Also, if you fancy Venice, but find the massive crowds a little bit too overwhelming, do consider the town of Rovinj in Croatia which has similar Venetian architecture sans the canals. Or for the canal and gondola experience, head down to Aveiro in Portugal.
#3 – Guesthouses, hostels and even couchsurfing – not only are they cheaper but can have better locations as well
the walled city of dubrovnik in croatia, where not a single chain hotel could set up shop… but guesthouses abound, with homeowners renting out their rooms to tourists
As Europe is one busy continent for tourism, it’s pretty easy to find lodging options at every price point. In most cities, there are bound to be clean, reliable and even luxurious types of hostels. From about Eur 15 per night in Western Europe and slightly less in Eastern Europe, staying in a hostel can be a very convenient choice, as many such properties can situate themselves within historic towns while larger hotels need to be farther away, thus also saving you some transportation costs. A case in point is the fantastic walled city of Dubrovnik in Croatia, which is a UNESCO World Heritage Site. Due to building restrictions, the nearest chain hotel is about a 15 minute walk away, in the newer sections of the city. However, many enterprising residents of the walled city rent out their rooms to tourists. Not only are prices more reasonable, the location is also a lot better.
If privacy is an issue, consider staying in a guesthouse. For a few more euros compared to a hostel, many homeowners rent out their rooms to tourists. These start from about Eur 25 and can go higher, depending on the location. If you’re traveling as a couple or as a group, staying in a guesthouse can turn out to be as economical as a hostel.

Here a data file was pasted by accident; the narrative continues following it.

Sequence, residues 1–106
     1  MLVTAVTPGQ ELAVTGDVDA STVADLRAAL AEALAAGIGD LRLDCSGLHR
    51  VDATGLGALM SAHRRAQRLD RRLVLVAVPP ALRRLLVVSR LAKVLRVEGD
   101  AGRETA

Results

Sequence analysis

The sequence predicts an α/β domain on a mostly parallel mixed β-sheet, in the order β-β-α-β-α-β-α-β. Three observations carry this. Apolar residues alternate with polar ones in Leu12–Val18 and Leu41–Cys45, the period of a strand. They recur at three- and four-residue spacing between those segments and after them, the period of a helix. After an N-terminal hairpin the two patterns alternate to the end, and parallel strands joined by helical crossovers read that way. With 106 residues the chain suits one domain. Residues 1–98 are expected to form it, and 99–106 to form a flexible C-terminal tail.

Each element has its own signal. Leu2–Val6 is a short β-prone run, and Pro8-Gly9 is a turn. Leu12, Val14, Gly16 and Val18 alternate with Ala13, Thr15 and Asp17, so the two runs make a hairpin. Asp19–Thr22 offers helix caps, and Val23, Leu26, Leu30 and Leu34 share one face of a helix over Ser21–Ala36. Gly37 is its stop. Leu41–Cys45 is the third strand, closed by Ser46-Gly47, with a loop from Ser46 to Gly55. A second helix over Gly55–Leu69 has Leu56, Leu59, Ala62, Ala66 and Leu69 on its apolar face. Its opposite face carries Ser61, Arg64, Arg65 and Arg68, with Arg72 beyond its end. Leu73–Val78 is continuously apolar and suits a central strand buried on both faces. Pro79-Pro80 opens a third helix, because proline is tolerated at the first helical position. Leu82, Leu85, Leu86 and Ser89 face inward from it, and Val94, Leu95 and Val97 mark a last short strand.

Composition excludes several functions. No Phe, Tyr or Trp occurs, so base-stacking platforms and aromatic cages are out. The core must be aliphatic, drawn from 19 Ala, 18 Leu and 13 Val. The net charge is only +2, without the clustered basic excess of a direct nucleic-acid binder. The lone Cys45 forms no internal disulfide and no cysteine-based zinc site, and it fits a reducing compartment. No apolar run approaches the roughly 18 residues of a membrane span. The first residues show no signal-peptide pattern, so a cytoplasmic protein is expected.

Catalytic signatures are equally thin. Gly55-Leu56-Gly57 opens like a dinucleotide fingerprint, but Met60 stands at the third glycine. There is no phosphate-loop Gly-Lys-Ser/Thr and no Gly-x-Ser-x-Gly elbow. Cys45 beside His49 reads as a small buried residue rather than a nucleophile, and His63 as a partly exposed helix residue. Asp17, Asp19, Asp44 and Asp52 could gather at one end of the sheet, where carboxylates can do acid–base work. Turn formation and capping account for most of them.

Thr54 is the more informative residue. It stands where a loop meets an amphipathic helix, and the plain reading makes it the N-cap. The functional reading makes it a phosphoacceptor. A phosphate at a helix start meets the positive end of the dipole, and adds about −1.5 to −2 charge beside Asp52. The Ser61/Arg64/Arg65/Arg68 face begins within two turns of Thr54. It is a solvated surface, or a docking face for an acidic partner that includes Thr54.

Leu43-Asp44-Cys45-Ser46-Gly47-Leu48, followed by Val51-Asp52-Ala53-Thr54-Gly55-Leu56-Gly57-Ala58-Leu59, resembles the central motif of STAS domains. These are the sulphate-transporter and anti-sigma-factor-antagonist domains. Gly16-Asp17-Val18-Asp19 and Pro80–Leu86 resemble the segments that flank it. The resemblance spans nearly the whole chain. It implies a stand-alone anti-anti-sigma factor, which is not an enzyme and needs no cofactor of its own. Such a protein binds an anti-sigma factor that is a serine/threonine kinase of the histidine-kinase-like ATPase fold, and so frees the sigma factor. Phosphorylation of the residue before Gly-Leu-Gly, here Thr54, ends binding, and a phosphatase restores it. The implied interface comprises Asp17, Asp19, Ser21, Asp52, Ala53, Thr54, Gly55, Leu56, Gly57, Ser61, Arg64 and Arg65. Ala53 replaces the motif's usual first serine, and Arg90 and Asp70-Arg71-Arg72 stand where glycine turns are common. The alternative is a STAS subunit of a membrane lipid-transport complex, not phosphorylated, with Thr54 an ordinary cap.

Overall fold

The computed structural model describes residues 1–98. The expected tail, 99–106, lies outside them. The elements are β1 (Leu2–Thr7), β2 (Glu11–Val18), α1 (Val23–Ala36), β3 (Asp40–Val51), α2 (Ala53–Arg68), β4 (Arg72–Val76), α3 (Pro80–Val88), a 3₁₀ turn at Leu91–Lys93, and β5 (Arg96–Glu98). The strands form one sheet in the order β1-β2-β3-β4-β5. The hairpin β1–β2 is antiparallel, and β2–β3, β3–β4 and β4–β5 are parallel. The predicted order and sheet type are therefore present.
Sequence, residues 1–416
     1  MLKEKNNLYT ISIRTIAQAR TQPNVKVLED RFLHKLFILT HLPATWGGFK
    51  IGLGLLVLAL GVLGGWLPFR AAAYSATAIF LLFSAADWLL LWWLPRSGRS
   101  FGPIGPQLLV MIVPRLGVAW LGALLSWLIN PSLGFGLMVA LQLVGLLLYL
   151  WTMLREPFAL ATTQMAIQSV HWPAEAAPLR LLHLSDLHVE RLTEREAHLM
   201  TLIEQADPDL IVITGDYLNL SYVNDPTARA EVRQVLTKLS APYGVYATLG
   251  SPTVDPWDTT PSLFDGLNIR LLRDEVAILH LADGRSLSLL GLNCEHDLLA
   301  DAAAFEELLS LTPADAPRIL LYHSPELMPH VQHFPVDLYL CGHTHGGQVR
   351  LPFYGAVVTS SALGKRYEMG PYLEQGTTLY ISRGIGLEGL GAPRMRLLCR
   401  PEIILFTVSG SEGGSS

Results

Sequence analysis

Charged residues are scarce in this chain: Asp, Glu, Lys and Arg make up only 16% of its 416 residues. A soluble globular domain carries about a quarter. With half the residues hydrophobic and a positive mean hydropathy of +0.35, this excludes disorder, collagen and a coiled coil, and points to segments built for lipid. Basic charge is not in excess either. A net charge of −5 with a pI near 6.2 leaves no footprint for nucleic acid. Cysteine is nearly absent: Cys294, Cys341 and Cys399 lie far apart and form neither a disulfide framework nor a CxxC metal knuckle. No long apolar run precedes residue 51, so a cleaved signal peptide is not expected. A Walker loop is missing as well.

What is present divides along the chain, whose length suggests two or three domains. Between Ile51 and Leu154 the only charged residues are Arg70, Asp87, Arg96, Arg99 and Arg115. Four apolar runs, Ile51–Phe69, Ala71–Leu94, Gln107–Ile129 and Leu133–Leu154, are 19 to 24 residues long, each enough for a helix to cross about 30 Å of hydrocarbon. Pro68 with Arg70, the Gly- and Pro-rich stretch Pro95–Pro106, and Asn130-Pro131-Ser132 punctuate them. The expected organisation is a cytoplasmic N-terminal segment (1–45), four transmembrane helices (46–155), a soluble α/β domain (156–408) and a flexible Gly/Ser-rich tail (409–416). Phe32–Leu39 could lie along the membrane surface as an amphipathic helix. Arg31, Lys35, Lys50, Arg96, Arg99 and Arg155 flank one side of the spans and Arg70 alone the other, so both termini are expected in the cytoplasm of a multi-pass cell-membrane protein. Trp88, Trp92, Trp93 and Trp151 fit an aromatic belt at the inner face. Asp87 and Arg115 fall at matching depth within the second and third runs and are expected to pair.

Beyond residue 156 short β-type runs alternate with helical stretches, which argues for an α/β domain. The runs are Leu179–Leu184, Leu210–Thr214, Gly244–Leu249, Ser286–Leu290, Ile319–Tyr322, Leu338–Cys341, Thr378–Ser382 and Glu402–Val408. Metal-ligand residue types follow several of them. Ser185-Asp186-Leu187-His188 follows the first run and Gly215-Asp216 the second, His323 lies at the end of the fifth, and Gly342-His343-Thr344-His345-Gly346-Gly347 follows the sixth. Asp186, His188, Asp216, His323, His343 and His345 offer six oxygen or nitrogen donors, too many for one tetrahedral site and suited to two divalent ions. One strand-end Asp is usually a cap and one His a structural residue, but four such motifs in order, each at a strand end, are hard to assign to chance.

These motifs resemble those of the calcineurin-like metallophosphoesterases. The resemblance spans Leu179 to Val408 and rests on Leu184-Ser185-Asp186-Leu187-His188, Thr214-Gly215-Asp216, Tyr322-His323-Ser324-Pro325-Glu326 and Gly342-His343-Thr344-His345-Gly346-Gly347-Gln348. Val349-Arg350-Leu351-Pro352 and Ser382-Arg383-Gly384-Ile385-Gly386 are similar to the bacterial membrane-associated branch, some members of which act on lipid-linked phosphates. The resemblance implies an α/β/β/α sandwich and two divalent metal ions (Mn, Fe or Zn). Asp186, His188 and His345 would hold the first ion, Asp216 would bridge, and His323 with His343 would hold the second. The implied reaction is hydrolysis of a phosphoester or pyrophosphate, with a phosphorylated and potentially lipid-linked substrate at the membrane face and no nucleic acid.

To not have to pay for lodging, check out Couchsuring, a concept that is not particularly limited to Europe. It can be a good way to meet and befriend locals as well, but it’s important to choose carefully.
#4 – Free things you can do in and around Europe
the plaza de españa in seville, spain… you don’t need to pay a single cent to come and see this beauty
The great thing about traveling around Europe is that you don’t need to look too hard to find something interesting. In almost every city, town and village, there’s bound to be a palace, castle or fort; a majestic public square with buildings done up in baroque / gothic / neoclassical / rococo / art deco style and not to mention a night life / party district. Even the so-called Europe essentials can be done for free. Take the Eiffel Tower as an example. You’ll need to pay a ludicrous amount to go up (where the view is not even the best that you can get of Paris, but that’s another story), but appreciating it from the grass fields below is totally free.